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because he came close to death for the work of Christ, risking his life to complete what was lacking in your service to me. (Philippians 2:30)
Epaphroditus continued to serve Christ, even while ill. He may have been weak when he left Philippi but pressed on to come and deliver the collection to Paul and to minister to him.
The word translated “risking his life” in the Greek is (παραβολεύομαι paraboleuomai) and means to expose to a chance of loss or damage, to expose oneself willingly to a danger or risk, and carries the picture of a gambler who places all he has on one throw of a dice. It means to take a major risk in whatever is being discussed.
Paul here says that Epaphroditus put his life on the line to complete the service that the churches had sent him to accomplish for Paul. Since they were unable to be there, they had commissioned Epaphroditus to take care of Paul. The words “what was lacking” are not said in reproach to the Philippian believers but only meant that they were unable to be present in body with Paul. They did not lack the will to provide for him; they lacked the opportunity to serve him.
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Because he came close to death for the work of Christ. There are many ways that Epaphroditus risked his life or gambled his life for the work of Christ. First, the journey would have been arduous, lengthy, and dangerous from highwaymen known to rob people. Then, there is the fact that he fell deathly ill while helping Paul. We do not know if he pushed himself and initially ignored his illness when he first fell ill that intensified his illness. Or that on the first sign of recovery, he was trying to resume his duties earlier than he should have.
Risking his life. There is a variant (difference) in the MSS here, but determining the original reading is quite easy,
WH NU παραβολευσάμενος τῇ ψυχῆ
“having risked his life”
P46 א A B D F G copsa
Variant/TR παραβουλευσαμενος τη ψυχη
“having no regard for his life”
C Ψ 33 1739 Maj syr
The original word was “having risked his life” supported by the earliest and weightiest manuscripts (P46 א A B D F G copsa) WH NU. A variant reading is “having no regard for his life” supported by TR (C Ψ 33 1739 Maj syr). If we look at the Greek verb in the original reading παραβολευσάμενος “risking” and the variant παραβουλευσαμενος, there is but one letter difference in the words, “υ” upsilon. The internal evidence does not help because both readings make perfectly good sense in the context because Epaphroditus did risk his life for the work of Christ. In the original reading it is a simple, plain statement “for the work of Christ, risking his life.” In the variant, “for the work of Christ, having no regard for his life” simply means that he valued his life as less than the work for Christ. But one could never set aside the far more superior manuscript evidence for the original reading. However, J. B. Lightfoot offers an interesting take on “παραβολευσάμενος, [saying Epaphroditus] ‘having gambled with his life.’” On the other hand, as we look at the variant, we see a case of self-sacrifice, which is commendable but not as interesting, lively, and exciting as ‘gambling with his life.’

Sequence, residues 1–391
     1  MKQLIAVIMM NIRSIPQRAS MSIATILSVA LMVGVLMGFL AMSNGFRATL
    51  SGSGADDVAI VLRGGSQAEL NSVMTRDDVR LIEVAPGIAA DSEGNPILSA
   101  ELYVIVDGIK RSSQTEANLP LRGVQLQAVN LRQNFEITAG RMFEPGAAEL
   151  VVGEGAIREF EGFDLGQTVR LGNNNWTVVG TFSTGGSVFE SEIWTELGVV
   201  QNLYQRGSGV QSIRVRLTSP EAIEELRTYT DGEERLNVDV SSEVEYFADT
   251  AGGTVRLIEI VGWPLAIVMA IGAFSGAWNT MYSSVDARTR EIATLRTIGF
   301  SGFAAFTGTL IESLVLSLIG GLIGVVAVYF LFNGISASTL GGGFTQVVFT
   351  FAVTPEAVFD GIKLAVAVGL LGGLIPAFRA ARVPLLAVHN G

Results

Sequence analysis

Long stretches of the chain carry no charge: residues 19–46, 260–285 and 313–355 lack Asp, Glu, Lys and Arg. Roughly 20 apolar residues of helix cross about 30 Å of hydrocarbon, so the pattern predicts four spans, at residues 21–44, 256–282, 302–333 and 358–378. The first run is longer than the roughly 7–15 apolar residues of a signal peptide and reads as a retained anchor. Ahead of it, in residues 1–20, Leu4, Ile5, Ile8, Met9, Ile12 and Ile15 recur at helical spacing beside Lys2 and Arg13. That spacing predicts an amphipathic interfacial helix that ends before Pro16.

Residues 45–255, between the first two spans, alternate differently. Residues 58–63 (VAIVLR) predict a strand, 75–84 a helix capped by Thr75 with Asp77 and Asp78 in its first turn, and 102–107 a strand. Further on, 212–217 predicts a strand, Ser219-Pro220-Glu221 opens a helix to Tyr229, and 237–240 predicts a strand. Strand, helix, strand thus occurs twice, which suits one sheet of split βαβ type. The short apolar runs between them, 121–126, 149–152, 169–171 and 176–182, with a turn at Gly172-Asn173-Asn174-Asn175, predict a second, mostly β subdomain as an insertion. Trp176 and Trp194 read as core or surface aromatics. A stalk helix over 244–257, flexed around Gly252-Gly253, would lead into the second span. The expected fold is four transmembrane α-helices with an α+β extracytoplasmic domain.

To complete what was lacking in your service to me. Paul is not here blaming the brothers in Philippi as though they had somehow been negligent or unmindful of his needs. Paul knew that they simply had not had the chance to come in person to care for him. (cf. 4:10) Therefore, Epaphroditus had to make a special journey to Rome to fill in for what the brothers could not do in person, what the church would have gladly carried out if it was feasible, or if he was in Philippi and not in Rome. So, Epaphroditus had made a valiant effort to carry out work for Christ in the name of their church and on behalf of the brothers in Philippi. He did this regardless of the unexpected event of falling ill or despite it.
So as we close out this chapter, we can understand better the summary of the concept of Christ – the Pattern of Life in verse 5 – “Have this mind in yourselves which was also in Christ Jesus….”
 Wesley J. Perschbacher, ed., The New Analytical Greek Lexicon, ed. Wesley J. Perschbacher (Peabody, Massachusetts: Hendrickson Publishers, Inc., 1990). Page 305. Jerry Falwell, Edward E. Hindson and Woodrow Michael Kroll, , Liberty Bible Commentary, ed. Jerry Falwell, Edward E. Hindson and Woodrow Michael Kroll (Nashville, Tenn.: Thomas Nelson, Inc., Publishers, 1983). Page 2444.
 WH stands for the 1881 Westcott and Hort Greek New Testament. N of the NU stands for the Nestle-Aland 2012 Greek New Testament 28th edition, and the U of the NU stands for the 5th edition of the United Bible Societies 2014 Greek New Testament.
 Joseph Barber Lightfoot, ed., Saint Paul’s Epistle to the Philippians, Classic Commentaries on the Greek New Testament (London: Macmillan and Co., ltd, 1913), 124.